Improving the efficacy of biocontrols

February 26, 2015
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Phytoseiulus persimilis
Phytoseiulus persimilis Koppert
Feb. 25, 2015 – Can you use natural genetic variation of indigenous natural enemies to improve the efficiency of biological control?

This is the query that BINGO (Breeding Invertebrates for Next Generation biocontrol) aims to answer.

Koppert Biological Systems is taking part in this international research project.
 
The project aims to improve the production and performance of indigenous natural enemies through selective breeding. This entails selecting and cross-breeding natural enemies with specific, desired characteristics to create species that are more efficient. It will ultimately reduce the dependence on chemical crop protection products and contribute towards food safety.
 
Selective breeding that has been used in both crop production and stock farming for centuries is still in its infancy when it comes to the natural enemies of agricultural pests. The research will contribute towards the biological control of new pests by ensuring that the agricultural sector is less dependent on exotic enemies that might threaten the local biodiversity.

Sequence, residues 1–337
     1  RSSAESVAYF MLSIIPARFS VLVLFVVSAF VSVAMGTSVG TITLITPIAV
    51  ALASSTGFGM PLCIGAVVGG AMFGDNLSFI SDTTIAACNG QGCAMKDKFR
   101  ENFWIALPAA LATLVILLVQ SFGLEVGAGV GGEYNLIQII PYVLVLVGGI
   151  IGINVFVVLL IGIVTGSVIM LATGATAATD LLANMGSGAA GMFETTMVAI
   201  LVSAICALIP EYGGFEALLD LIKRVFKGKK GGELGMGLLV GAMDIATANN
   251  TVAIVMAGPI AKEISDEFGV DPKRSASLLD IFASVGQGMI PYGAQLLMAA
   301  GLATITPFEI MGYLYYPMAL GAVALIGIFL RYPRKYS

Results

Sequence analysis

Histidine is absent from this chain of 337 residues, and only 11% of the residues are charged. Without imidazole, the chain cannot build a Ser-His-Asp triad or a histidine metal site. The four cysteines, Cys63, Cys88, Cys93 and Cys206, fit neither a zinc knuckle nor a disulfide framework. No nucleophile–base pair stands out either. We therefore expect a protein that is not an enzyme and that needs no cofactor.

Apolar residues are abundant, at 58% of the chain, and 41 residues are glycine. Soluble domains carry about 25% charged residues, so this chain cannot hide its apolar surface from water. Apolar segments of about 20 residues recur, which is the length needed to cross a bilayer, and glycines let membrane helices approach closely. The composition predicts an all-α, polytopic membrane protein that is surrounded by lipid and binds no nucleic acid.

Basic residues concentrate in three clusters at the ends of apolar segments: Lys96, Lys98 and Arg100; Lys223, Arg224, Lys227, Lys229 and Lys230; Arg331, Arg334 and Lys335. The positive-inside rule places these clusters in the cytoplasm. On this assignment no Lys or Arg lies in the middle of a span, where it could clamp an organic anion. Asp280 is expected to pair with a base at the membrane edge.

Besides selective breeding and the use of genetic information in natural enemy production, BINGO is expected to develop state-of-the art genomic techniques to refine the production of natural enemies and speed up this process.
 
RESEARCH INTO PHYTOSEIULUS PERSIMILIS

Koppert is the biggest producer of natural enemies and a pioneer when it comes to biological crop protection. This makes its participation in BINGO a logical step. An international doctoral student will be starting a four-year research project at Koppert on Spidex, the spider mite, Phytoseiulus persimilis, which happens to be the first natural enemy the company produced.

BINGO is a Wageningen University initiative. The program will train 13 young researchers from various universities, non-profit organizations and businesses from nine European countries.

BINGO has a budget of 3.3 million euro. It has been financed by the EU Horizon 2020 programme for research into innovation and the European Commission’s  Marie Skłodowska-Curie Innovative Training Network (ITN).

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